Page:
In terms of products, sustainable designs or concepts dominated the event. This was also underlined by a special area – the Sustainability Hub – in one of the atriums of the MOC, featuring different providers of sustainable services and products and managed by GreenroomVoice. Guided tours were offered several times daily to get to know the people behind the offerings and the projects. Visitors received an overview of the different perspectives and approaches to the focus topic “Traceability and Transparency” and comprehensive information on the ecological and social impacts with a strong focus on climate protection.
Other product focuses included weight reduction, extended product life cycles/circular design and the topic of adventure tourism. The latter was also supported by the Adventure Travel Trade Association (ATTA) conference on Sunday. The event, which ran throughout the entire day, discussed trends and opportunities, particularly regarding sustainability and meaningful travel.
OutDoor by ISPO Conference
Another event, the OutDoor by ISPO Conference, hosted by ISPO Group in cooperation with EOG and NOW Partners, also featured a list of highly interesting topics on Monday and Tuesday. More than two dozen high-level speakers from various industries discussed how to reconcile economic success with the protection and regeneration of people, society and nature. “The big opportunity is to find sustainable solutions across industries,” said Tobias Gröber, head of ISPO Group. Gröber announced that the conference would also be an integral part of ISPO Munich in November and the next Outdoor by ISPO. Due to the very late announcement of this year’s conference, only a few visitors were able to attend, so The Outdoor Industry Compass plans to make the video recordings of the presentations available on our website in a few days. Topics like “Resilient and regenerative value chain,” “Combating forced labor in a post-pandemic era,” or “Regenerative Value Creation” are certainly worth a look. Speakers included Jerome Pero, general secretary of FESI, Laura Santucci, ex-chief of staff Obama Administration and former director of the World Food Programme, Joao Paulo Ferreira, CEO of Natura, and the German actor and environmental activist Hannes Jaenicke, who has been campaigning for animal and nature conservation for years and called for a conscious approach to nature. Representatives of the outdoor industry also had their say, of course. In her opening speech at the conference, Antje von Dewitz, CEO of Vaude, described the many measures on the way to becoming a climate-neutral company: “The smallest footprint stands for the highest quality of life.”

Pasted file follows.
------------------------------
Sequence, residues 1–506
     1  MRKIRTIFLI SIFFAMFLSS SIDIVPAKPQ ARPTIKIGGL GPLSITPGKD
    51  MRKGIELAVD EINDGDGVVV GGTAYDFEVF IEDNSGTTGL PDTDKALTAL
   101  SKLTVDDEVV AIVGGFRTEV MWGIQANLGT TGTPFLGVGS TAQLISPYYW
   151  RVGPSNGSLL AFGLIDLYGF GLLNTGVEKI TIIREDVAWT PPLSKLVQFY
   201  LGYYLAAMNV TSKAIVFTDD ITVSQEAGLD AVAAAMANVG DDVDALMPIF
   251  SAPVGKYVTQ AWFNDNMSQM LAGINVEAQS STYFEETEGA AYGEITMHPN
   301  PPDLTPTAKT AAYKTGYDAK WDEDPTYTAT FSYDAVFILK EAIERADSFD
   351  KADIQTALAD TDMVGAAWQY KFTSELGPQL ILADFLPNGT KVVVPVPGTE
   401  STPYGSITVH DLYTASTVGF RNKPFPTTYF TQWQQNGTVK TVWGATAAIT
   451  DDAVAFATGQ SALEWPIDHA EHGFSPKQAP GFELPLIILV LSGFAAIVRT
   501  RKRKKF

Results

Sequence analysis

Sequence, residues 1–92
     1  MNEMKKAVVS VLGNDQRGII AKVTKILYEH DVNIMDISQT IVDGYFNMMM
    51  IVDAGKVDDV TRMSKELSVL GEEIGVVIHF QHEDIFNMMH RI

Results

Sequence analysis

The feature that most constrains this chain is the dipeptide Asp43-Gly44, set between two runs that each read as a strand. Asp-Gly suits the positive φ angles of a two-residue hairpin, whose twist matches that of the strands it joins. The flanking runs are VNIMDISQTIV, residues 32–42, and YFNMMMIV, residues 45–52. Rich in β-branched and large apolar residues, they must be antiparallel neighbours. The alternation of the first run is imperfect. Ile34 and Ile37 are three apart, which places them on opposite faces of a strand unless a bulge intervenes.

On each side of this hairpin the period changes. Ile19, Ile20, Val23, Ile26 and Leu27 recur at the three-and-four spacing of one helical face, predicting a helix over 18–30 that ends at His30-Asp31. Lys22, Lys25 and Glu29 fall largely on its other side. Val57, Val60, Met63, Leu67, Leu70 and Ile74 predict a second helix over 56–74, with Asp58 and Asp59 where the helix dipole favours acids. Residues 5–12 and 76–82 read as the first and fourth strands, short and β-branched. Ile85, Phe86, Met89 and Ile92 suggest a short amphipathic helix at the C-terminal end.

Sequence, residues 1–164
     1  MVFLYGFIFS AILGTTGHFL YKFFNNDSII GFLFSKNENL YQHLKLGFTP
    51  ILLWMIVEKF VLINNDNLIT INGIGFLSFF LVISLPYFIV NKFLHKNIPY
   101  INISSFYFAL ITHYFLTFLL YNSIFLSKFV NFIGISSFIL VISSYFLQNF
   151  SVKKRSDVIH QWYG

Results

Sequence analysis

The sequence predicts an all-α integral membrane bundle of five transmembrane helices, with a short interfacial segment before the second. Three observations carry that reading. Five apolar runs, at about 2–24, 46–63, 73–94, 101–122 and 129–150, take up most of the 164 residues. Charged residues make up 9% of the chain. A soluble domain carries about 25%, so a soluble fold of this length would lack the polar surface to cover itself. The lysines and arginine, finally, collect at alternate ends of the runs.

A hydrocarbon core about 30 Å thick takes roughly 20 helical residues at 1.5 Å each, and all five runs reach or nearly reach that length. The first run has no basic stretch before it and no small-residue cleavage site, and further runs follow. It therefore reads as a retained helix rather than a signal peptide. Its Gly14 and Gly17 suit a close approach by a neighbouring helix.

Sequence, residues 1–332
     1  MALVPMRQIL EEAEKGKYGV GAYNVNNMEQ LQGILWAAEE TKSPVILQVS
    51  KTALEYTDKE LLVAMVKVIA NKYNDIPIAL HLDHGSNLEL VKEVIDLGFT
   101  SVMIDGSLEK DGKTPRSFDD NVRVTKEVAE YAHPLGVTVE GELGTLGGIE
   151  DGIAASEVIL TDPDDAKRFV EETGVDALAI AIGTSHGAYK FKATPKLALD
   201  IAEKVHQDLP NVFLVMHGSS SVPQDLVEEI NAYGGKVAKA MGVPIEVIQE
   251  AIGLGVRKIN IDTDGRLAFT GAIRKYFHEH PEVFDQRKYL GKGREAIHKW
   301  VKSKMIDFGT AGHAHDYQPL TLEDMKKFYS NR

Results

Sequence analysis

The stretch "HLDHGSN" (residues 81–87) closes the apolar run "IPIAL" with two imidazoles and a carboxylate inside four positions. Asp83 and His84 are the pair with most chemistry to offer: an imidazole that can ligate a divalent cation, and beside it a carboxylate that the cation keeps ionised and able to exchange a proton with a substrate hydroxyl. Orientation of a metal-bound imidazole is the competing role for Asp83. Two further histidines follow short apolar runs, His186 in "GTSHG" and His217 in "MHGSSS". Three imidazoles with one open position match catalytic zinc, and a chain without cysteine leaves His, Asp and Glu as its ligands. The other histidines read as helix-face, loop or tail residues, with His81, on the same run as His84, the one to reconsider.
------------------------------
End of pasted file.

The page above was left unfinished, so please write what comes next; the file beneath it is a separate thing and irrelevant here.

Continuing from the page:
The trade show was not only what the community had desperately needed after all this time, but it turned out to be a true place for business, meetings and contracts – and for problem-solving because the current order round is anything but easy due to the geopolitical situation. Problems are best solved in personal conversation, which was one reason why this second OutDoor by ISPO in four years was so important. Pieter de Bodt, group buying manager at Yonderland Group, said: “The topics that need to be discussed today were not even on the agenda two years ago. So it was very helpful to discuss them face to face.” With its relatively new and young team, the organizers did an excellent job providing a suitable platform for this. However, shortcomings such as the late announcement of the Conference or the much too late indication of the available campground should be avoided in the future.
ObI 2023: Back to Munich-Riem or stay at the MOC?
Whether it would have been a similar success if it had taken place at the exhibition center in Munich Riem, I would personally doubt. Especially the “smaller” and “cozier” ambiance of the MOC was crucial for a feeling of cohesion as a community. It would be nice if the show could return to the MOC in 2023. There is also room for growth, as many MOC showrooms are empty, and some spaces in the halls were “generously” sized. The area around the MOC also offers one or two former industrial buildings already being used for events and concerts. And then, of course, there is the question of how much a trade show that focuses on sustainability needs to grow after all. If you limit the size of the stands further and concentrate on the essentials, then perhaps business could be handled even more effectively. Who knows. We’ll see you on May 22-24, 2023, at the third OutDoor by ISPO.